The supposed invisibility of religion is presented in various forms of objection. It makes the church invisible, and the ministry invisible. But in what sense is religion invisible? The power of gravity is invisible, but we see its effects everywhere; and we feel it binding us to the earth. The influence of the Spirit is invisible, but its effects are seen and felt as certainly as the effects of gravity. The Spirit’s call to the ministry is unseen; but the effects of it have been displayed in the successful conflict which the ministry has waged with the powers of darkness, and in the victories which it has achieved. The history of the world testifies that a divine power has wrought in the ministry of the word; and, wherever the gospel has been faithfully preached, every one has had an opportunity to observe such effects as demonstrate that the ministry of the word is the ministry of the Spirit. Why, then, need we, to render the ministry visible, suppose it to consist in outward form? There is a proper form for the ministry to assume, but the form may be without the power; and the mere form does not constitute a minister of Christ. May we not be deceived in this matter? We may. Ministers of Satan have appeared as ministers of righteousness; and compliance with external forms is a method by which they recommend themselves. We are commanded to try the spirits; and this cannot be done by a mere examination of ordination credentials. An obligation to discriminate otherwise than by ordination certificate, devolves on every church in the choice of its pastor; and on every pastor in inviting a minister to preach to the people of his charge.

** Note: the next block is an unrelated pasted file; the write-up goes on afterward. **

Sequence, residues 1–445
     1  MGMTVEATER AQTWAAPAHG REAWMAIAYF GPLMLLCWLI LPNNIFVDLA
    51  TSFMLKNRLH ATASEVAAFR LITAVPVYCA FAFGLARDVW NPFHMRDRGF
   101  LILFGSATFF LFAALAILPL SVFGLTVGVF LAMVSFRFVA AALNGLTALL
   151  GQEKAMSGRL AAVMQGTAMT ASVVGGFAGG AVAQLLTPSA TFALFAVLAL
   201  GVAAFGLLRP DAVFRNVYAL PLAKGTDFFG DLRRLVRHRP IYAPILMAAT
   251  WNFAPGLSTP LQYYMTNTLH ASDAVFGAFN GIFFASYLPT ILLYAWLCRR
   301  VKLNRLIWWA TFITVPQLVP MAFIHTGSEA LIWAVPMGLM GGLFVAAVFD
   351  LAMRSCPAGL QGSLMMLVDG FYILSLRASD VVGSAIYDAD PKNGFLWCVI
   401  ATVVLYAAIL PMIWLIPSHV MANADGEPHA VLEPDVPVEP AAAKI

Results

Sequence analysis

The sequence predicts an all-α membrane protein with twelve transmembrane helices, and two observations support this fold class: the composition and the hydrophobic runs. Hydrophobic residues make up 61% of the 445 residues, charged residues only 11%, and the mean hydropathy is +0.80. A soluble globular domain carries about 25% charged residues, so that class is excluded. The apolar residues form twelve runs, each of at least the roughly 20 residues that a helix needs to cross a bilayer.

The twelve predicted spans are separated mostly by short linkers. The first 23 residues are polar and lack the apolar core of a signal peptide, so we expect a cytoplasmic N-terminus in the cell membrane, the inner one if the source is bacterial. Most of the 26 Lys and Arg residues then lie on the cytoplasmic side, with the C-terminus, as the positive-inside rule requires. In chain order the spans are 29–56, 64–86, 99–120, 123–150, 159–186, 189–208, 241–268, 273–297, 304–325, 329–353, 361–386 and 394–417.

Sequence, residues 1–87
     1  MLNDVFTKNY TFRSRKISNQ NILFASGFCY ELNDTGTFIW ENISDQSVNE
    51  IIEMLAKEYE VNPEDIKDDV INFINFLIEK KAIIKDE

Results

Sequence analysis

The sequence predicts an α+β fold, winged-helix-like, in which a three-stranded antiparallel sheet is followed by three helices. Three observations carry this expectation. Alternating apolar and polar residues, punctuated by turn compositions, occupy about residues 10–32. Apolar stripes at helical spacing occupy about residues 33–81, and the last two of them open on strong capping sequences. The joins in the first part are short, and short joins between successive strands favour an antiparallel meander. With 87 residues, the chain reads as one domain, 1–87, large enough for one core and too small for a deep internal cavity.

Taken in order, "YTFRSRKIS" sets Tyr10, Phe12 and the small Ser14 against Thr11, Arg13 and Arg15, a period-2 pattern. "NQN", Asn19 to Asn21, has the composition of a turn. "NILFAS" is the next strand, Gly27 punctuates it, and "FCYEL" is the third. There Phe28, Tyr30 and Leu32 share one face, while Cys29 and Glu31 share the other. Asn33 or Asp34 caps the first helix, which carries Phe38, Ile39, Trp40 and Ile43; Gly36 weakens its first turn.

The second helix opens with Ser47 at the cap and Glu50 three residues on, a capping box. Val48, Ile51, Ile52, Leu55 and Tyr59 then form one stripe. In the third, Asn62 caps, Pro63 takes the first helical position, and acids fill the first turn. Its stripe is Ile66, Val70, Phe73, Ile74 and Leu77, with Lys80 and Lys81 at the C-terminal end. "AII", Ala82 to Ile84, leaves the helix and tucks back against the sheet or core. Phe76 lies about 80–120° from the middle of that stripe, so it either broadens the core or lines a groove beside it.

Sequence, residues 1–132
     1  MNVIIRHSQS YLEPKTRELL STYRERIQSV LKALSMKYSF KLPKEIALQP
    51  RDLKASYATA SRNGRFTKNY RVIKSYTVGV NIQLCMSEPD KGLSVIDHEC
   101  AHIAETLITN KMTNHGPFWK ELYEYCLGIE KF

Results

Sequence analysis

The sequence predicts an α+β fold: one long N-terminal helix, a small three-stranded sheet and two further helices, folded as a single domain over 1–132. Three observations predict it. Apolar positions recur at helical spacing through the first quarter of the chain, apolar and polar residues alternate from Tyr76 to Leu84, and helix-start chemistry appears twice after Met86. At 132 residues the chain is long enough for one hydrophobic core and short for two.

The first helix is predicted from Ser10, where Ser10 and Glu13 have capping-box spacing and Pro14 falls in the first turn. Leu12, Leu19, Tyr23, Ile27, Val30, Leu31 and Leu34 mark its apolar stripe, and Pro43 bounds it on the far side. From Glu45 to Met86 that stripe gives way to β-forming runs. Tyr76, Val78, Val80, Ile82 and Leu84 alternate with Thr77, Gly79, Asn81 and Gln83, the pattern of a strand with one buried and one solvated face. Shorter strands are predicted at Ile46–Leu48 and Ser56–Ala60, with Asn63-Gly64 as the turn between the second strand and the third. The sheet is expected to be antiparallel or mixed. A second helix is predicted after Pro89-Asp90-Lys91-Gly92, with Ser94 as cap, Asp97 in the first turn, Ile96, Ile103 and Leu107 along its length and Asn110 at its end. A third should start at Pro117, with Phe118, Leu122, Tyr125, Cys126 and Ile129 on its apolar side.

Objection 3.–If ordination does not make a minister of Christ, and does not prove a man to be a minister of Christ, it may be dispensed with as useless.

This does not follow. Though it may not accomplish either of these purposes, it may, nevertheless, be of great utility; and if we were wholly unable to see any utility in it, yet, as the will of God, we ought to observe it. Men may be Christians without baptism; and may profess Christ without baptism; but it does not follow, that baptism is useless. The Head of the church has, in his wisdom, made it the appointed ceremony for the Christian profession, and so he has made ordination the appointed ceremony for a regular entrance into the ministerial office. As every converted man ought to profess Christ by baptism, so every one who has been called of God to the ministry, ought to enter on the work by ordination. The proof of the obligation in the latter case, is not so clear from the Holy Scriptures, as in the former, but it is sufficiently clear to guide our practice.

[1] 2 Cor. v. 18.

[2] 2 Cor. vi. 3.

[3] 2 Cor. iii. 6.

[4] 1 Tim. i. 12.

[5] Eph. iii. 8.

[6] 1 Cor. xii. 29.

[7] 1 John v. 19.

[8] Eph. iv. 12, 13.

[9] 1 Cor. ix. 16.

[10] 1 Tim. ii. 7.

[11] 2 Tim. iv. 2.

[12] 2 Tim. iv. 5.

[13] 1 Tim. iv. 14.

[14] 2 Tim. ii. 2.

[15] 1 Cor. xii. 11.

[16] Col. i. 24, 25.

[17] 1 Cor. ix. 1.

[18] Gal. i. 1

[19] Acts i. 21, 22.

[20] Acts xiv. 14.

[21] 2 Tim. iv. 5.

[22] Num. xi. 29

[23] Acts xiii. 2.

[24] 1 Tim. iv. 14.

[25] 2 Tim. i. 6.

[26] Col. iv. 17.

John L. Dagg- Manual of Theology- Volume 2

A Treatise on Church Order: Public Worship- Chapter VII- Sections I & II